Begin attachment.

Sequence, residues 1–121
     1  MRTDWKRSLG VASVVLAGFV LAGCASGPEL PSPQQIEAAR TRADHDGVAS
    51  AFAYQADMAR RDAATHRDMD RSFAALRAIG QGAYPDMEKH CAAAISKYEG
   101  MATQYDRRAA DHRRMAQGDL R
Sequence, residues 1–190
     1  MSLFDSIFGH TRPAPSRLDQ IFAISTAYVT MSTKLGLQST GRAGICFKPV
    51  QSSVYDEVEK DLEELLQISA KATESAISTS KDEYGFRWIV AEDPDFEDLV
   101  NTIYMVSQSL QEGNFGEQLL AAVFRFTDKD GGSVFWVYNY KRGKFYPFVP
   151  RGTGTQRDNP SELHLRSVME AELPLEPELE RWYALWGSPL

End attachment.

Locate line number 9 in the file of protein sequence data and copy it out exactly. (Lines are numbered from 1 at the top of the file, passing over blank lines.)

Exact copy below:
   151  RGTGTQRDNP SELHLRSVME AELPLEPELE RWYALWGSPL